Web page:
Kitchen-diner lighting tips /advice

We're having an extension built which will create a largish kitchen diner (42 sq m!). I'm interested in experiences with various lighting options. Specifically:
- I like the light which halogen spots throw out (more 'theatrical') but due to the ceiling arrangement cannot have a transformer. You can get 240v halogens these days - but are they OK / safe for use in ceilings? Halogens get quite hot! - If I understand correctly, it will soon be impossible to buy anything else but low-energy bulbs. Does this have any implications for choosing the lighting options? - Any experiences with low energy halogen spot replacements? I've seen you can even get dimmable ones these days, which would be ideal - so that we can vary the brightness between the kitchen part and the diner part etc.. - I have a few low-energy lights of various sorts in the existing house. Some seem to go bright pretty quickly, whereas others (spots) start as bright as a candle and meander their way through to acceptable brightness in up to 10 minutes! I could not cope with the latter in a kitchen!
Experiences, advice and suggestions most welcome! Thanks.
Pete
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On Thu, 13 Mar 2008 12:23:25 +0000, Peter Boulton wrote:

I would say that if you have room for 240v halogens then you should have room for 24v halogens with transformers. The transformers can be remarkably small now - and you don't need to have them directly next to the lights anyway. The life of 24v halogens with a soft-start transformer is *way* longer than 240v types. Depending on the transformer they can be dimmable with a standard dimmer too.
My son has a couple of GU10 based high efficiency spot replacements. They seem to reach full brightness in about 2-3mins. As you say though, the light isn't as "theatrical"! They are also rather bulky and not particularly nice-looking.
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Mick (Working in a M$-free zone!)
Web: http://www.nascom.info http://mixpix.batcave.net
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Thanks Mick. The problem with the transformers is where to put them to get access in case they fail. My builder is trying to steer me clear of them! The info on lo-energy spots is v helpful - the `theatrical` light thing is quite important.
So do we all need to stockpile non-lo-energy bulbs? The lo-energy ones still don`t seem to deliver on all fronts.
Pete
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I've just had some halogen spots put in by a spark when my loft was getting a refit. I didn't realise they were 12V with a transformer until I went to remove the unit in order to paint around it.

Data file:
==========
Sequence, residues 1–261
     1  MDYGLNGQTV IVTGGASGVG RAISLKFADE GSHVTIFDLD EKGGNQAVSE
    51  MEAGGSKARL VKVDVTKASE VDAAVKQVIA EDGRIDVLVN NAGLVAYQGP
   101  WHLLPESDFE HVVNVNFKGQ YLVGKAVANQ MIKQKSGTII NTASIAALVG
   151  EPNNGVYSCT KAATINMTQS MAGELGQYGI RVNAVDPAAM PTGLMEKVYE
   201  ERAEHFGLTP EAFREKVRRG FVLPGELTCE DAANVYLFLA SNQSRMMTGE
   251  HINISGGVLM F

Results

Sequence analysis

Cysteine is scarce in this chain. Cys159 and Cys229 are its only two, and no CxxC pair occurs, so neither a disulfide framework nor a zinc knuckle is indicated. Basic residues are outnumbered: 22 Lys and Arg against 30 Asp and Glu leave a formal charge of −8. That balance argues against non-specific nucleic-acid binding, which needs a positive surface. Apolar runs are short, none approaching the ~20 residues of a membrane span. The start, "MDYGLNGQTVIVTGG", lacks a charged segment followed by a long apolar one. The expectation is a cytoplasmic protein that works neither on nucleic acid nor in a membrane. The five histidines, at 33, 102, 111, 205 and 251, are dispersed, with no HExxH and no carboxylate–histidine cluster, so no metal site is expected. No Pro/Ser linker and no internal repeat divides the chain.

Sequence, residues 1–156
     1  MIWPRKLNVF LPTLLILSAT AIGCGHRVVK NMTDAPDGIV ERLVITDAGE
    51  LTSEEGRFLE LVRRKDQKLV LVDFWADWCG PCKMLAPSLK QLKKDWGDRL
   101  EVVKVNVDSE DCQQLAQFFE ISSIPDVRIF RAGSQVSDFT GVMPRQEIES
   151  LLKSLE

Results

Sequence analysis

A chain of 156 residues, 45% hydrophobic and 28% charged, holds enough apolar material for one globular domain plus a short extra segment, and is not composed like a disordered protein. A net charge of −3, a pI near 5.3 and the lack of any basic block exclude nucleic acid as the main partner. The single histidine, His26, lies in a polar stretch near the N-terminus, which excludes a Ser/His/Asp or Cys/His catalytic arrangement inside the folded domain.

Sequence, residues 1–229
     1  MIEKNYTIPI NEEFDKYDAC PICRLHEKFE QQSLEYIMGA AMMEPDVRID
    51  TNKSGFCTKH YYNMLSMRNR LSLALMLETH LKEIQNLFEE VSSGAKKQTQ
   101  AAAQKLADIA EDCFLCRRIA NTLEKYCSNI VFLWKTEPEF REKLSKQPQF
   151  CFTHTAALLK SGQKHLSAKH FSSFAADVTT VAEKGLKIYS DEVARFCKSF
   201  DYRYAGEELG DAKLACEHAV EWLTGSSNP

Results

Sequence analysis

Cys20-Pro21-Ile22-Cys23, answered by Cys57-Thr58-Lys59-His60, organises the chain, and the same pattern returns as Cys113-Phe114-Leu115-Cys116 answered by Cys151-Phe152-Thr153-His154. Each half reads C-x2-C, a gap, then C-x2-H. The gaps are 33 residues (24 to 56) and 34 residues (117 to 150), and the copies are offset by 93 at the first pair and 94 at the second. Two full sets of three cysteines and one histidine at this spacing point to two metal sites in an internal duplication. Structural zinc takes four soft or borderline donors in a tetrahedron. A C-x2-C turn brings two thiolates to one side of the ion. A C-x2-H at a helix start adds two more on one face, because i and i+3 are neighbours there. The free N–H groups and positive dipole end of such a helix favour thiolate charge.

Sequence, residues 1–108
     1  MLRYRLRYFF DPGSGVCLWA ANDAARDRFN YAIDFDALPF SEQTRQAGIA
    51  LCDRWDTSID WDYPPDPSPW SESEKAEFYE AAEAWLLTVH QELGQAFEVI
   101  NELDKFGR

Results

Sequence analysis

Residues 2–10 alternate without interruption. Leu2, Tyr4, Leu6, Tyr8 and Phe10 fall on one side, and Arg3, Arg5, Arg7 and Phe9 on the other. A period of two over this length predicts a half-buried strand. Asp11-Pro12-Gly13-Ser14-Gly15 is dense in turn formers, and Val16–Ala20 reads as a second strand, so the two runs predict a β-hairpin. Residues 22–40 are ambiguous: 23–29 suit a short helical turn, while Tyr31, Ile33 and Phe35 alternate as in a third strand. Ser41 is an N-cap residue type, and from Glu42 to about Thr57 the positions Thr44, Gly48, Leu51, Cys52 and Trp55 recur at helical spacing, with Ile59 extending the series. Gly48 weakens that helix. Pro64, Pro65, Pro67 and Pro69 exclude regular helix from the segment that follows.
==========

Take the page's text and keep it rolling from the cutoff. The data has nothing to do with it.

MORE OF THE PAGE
I couldn't believe the size of the transformer, it is tiny and you need one with each light plus it is silent. http://tinyurl.com/2px8nt The last time I put 12V halogens in a ceiling for my parents, the transformer was the size and weight of a brick and buzzed like hell and I was struggling for a suitable place to locate it.
Steven.
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On Mar 13, 4:51 pm, "Peter Boulton" <peter@data*no- spam*perceptions.co.uk> wrote:

Your builder is giving you bad advice. Stick to the 12V lights - the transformers are tiny and fit in the hole behind the lamp. If ever you need to replace a transformer, just pull on the cable and it will come back out of the hole.
Steve
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As far as I know the only bulbs being "phased out" are the normal "GLS" 40-60-100W bulbs. I don't think there is any suggestion that halogen spots etc are going to disappear.
Tim Mitchell
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stevelup wrote:

Builders are rarely lighting experts. A few of these articles will answer your Qs and more: http://www.wiki.diyfaq.org.uk/index.php?title=Category:Lighting
NT
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On Mar 13, 12:23 pm, "Peter Boulton"

LV halogen as suggested, its 12V rather than 24V though.
Possibly consider light pipes http://www.tubzzz.com first one google came up with.
Adam
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On Thu, 13 Mar 2008 22:38:52 -0700, Adam Aglionby wrote:
<snip>

Good point! Mine are, indeed, 12v. I have a couple of odd 24v 50W units too though that take the "capsule" bulbs. They came with a *huge* 400VA (IIRC) torroid in a case, with terminals & fuses to feed a load of such bulbs. Well, they were being thrown out... :-)
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